About a year ago, I bought an Analogue NT — a deluxe reworking of the Nintendo Entertainment System, offering near-perfect compatibility with American and Japanese NES carts and accessories, enrobed in aluminum, and capable of outputting either RGB analog video or a 1080p digital signal via HDMI.
I can say without question that my Analogue NT is by far my favorite game system I've ever owned... and I've owned a lot. At the same time, though, the enormous price tag on the NT — the base model cost $500 and could be kitted out with considerably more expensive options — meant I had to dig deep to be able to afford it. And it was ultimately only really worth it because I wanted to be able to produce retrospective videos and streams, and to capture high-definition video of light gun games — something impossible with emulators or even HDMI-only systems. The Analogue NT was not a device that made itself accessible to casual enthusiasts on a budget... and now that it's sold out with, apparently, no more units ever to be produced, the system typically sells for twice its original price on the after-market, putting even further out of realistic reach.
Impractical as the Analogue NT may have been, I've felt all along that it presaged more economical solutions built along the same lines — that is, a faithful hardware clone with support for real cartridges and peripherals, capable of outputting to modern televisions. And finally, a year later, the first contender in the "like an Analogue NT but reasonably priced" race has arrived. Well, almost; Retro USB's AVS console (named, affectionately, for the Advanced Video System, Nintendo's first failed attempt to bring the NES to the U.S.) went up for preorder today, with units expected to ship in late September. And with a price that falls just shy of $200 with U.S. shipping, it seems a vastly more reasonable and affordable solution to the high-spec modern NES problem than the NT.
The AVS features some notable differences from the NT. For one, it's a true hardware clone: Its innards contain a FPGA that emulates the NES, whereas the NT actually contained salvaged NES innards. The AVS also skips out on the NT's machined aluminum shell in favor of simple grey plastic that are clearly far more economical than a custom metal skin. And, finally, the AVS offers only 720p HDMI output; you can't output analog video at 240p, and you can't pump out video at a full 1080p (presumably because 720p is a clean multiple of the NES's standard resolution and prevents ugly, erratic line doubling — I scale my own NES and Super NES output to 720p for recording despite using a 1080p television).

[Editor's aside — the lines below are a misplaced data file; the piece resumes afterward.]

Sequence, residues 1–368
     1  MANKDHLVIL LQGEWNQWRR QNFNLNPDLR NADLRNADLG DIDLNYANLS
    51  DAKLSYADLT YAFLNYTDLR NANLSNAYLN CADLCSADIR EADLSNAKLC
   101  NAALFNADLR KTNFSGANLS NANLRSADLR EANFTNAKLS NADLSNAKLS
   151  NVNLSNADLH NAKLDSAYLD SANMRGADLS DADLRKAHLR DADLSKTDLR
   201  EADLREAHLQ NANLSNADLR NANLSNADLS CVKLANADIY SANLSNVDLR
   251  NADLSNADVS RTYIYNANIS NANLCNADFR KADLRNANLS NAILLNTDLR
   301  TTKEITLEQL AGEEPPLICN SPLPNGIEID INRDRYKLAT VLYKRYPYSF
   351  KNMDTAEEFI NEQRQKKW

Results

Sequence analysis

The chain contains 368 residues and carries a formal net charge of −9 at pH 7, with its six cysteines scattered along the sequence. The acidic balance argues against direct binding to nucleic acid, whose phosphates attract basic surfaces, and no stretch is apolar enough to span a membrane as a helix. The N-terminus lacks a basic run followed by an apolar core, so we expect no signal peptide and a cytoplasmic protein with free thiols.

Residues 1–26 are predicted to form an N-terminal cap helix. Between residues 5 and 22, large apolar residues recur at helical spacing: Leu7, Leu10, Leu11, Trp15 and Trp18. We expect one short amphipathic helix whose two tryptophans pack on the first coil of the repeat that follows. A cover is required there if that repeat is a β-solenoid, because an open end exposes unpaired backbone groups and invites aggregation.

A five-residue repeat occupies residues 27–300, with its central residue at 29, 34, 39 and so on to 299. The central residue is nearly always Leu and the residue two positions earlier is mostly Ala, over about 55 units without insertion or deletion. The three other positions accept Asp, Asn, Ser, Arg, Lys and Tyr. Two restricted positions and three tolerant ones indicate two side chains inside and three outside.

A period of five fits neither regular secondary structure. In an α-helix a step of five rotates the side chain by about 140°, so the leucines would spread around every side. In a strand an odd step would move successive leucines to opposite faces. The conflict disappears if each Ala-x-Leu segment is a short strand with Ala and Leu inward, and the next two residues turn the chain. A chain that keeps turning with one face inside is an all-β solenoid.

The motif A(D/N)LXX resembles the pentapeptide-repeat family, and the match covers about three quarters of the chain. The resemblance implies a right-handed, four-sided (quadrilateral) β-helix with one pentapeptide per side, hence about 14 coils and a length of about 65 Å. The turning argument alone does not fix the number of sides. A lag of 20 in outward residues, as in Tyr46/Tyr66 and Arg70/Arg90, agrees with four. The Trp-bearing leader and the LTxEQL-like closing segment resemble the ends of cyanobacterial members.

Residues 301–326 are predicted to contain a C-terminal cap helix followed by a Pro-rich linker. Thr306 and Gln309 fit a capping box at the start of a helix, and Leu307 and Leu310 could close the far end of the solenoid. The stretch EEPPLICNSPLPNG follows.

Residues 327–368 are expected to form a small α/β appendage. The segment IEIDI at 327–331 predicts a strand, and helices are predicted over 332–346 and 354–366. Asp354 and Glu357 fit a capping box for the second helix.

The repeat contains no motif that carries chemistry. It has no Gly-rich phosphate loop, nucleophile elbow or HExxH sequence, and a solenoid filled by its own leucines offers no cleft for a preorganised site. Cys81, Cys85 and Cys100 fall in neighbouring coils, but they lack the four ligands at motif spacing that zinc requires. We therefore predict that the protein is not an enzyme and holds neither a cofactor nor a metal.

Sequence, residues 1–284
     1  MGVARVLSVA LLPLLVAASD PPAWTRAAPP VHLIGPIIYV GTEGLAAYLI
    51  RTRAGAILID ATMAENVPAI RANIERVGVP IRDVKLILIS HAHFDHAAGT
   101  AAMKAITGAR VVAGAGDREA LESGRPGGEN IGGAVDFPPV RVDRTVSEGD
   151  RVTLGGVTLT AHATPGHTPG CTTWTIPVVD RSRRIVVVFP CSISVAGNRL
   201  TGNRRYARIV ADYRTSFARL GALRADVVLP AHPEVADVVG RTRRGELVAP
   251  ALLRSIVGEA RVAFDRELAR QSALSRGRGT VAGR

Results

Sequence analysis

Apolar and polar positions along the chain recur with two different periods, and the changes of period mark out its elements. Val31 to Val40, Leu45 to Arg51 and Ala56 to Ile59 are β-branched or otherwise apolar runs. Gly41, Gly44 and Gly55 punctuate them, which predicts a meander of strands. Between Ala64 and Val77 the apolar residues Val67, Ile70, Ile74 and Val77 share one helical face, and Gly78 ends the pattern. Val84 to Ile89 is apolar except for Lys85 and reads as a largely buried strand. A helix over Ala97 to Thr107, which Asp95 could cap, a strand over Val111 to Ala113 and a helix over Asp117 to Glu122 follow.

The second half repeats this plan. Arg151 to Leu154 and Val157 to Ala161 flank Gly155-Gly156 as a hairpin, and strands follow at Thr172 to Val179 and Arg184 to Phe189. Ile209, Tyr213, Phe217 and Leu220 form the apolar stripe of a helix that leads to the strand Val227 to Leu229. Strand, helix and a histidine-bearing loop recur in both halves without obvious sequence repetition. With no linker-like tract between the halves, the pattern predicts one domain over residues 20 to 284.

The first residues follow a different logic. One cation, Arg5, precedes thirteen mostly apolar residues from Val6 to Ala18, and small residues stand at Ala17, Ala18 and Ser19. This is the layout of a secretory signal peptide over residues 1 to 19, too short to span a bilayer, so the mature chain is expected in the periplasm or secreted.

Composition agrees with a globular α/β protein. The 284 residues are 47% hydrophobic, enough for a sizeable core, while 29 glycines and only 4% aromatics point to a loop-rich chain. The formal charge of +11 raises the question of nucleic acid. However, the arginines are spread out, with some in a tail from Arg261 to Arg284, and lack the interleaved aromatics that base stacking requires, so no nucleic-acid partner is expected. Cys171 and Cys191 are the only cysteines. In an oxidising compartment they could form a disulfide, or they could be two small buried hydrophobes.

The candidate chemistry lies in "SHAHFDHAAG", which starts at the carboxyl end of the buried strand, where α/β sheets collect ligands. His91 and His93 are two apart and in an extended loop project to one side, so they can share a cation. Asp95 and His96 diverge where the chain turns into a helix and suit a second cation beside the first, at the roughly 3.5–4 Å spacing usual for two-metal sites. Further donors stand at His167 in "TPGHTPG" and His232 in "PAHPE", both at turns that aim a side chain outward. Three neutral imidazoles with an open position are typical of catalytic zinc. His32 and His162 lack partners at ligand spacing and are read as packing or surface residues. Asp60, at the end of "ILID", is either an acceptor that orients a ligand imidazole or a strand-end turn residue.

Despite these differences, however, the AVS manages to hit nearly all the features that really count. It runs games off of real carts, both American and Japanese. It also supports "fake" carts: Retro USB is in the business of producing NES homebrews, and the company has promised full support for those and for ROM-based devices like the EverDrive. They've also shown off the system with a Famicom Disk System RAM adapter plugged in, meaning fans of fragile diskette-based games can get some HD use out of those as well... at least until their drive belts die. The AVS also offers a wealth of output options including scanlines and variable pixel proportions; it includes upgradeable firmware, a USB-based online scoreboard system, and five built-in Game Genie slots for all your favorite codes and cheats.
At $185 with no games, Retro USB obviously is aiming for a different market than the Classic Mini NES. It's aimed more at a serious classic gaming fan, someone who enjoys having access to carts and peripherals and playing without barriers on a real television with optimal video-out quality. No doubt we'll see more devices along these lines in the coming years, but as the first out the gate, the AVS will be the standard by which all others are measured. Expect a full review once the console ships — much as I love my Analogue NT, I'm excited about the prospect of a more afforable, more readily available equivalent that will allow everyone to enjoy high-definition pixel-perfect NES emulation.
Of course, the lack of analog video-out means the one thing the AVS can't do is support light gun games. But even that could change — over the weekend, Retro USB posted an update to its Facebook page about developing an HDMI-compatible rendition of the Zapper. We can only dream....